‘Accessory apartments’ law jumps through last hurdle -- Gazette.Net


Montgomery County’s new law to make it easier for homeowners to have accessory apartments became permanent at a Planning Housing and Economic Development committee meeting on Monday.

In February, the County Council unanimously passed a zoning text amendment and a bill to simplify the process, reducing the average application process from about six months to three.

The county had been operating under a temporary executive regulation since May of this year, when the new law took effect. The recent meeting made the zoning regulations permanent.

The idea of simplifying the process of OK’ing accessory apartments had been floated around the county for the past decade. Accessory apartments can not only provide more affordable housing, according to county documents, but allow aging parents or caretakers to be close to family.

In the past, those interested had to go through a “special exception” process that critics called cumbersome and costly.

Most owners of single-family detached homes in the county can create and rent an accessory apartment in their home if they follow set procedures. An accessory apartment is defined as a second dwelling that is part of, but subordinate to or on the same lot as, an existing single-family detached home. It must have its own provisions for cooking, eating, bathing and sleeping.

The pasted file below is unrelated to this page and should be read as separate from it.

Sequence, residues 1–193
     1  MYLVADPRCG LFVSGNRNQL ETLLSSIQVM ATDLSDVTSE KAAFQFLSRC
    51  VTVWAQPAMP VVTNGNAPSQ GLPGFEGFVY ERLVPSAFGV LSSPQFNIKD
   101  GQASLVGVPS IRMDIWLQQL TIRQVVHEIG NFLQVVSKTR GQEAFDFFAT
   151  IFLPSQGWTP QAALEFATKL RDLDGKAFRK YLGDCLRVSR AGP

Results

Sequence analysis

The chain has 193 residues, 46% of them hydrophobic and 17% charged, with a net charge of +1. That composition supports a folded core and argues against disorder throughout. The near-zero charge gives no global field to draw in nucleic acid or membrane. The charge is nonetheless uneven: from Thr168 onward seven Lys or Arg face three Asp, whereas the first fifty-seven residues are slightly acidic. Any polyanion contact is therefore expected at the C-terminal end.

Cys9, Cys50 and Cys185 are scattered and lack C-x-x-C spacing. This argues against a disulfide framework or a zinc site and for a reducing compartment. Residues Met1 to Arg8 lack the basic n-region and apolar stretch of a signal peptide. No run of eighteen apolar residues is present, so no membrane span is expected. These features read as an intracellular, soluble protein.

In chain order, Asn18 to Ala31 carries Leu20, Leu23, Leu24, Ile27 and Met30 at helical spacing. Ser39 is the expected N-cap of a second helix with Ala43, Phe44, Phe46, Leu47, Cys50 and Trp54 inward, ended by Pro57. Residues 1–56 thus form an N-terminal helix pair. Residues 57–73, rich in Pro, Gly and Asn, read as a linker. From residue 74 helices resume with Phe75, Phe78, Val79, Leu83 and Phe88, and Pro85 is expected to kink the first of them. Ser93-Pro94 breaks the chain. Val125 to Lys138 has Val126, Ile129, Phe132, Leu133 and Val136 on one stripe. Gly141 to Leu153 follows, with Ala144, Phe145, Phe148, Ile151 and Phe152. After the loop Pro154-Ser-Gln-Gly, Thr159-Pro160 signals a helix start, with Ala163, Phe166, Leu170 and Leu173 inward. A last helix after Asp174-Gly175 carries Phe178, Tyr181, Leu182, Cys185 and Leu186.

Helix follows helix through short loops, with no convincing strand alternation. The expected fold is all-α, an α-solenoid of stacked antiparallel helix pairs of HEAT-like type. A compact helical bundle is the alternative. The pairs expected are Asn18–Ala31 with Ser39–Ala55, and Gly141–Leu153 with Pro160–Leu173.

County law does not apply to Barnesville, Brookeville, Gaithersburg, Laytonsville, Poolesville, Rockville and Washington Grove, since these towns have their own regulations regarding accessory apartments.

Under the new system, those who want to turn part of their single family homes into an accessory apartment would pay an annual licensing fee of $98, an application fee of $250 and pay for a yard sign that announces the application, which would run $220, half of which would be refunded once the sign was returned.

Councilwoman Nancy Floreen (D-At large) of Garrett Park questioned whether the process was not still too complicated and costly.

“Isn’t that a lot?” asked Floreen, who chairs the committee. “We were trying to make this easier, not harder.”

The new process is working well, said Richard Nelson, director of the office of housing and community affairs.

Since the bill was passed, 15 applications have come in to the licensing and registration section of the department of housing and community affairs. Of those, five have been licensed, one has been approved but not yet licensed, five have conditional approval — meaning they have to make minor changes to their property to satisfy code requirements — three are still pending and one has been denied.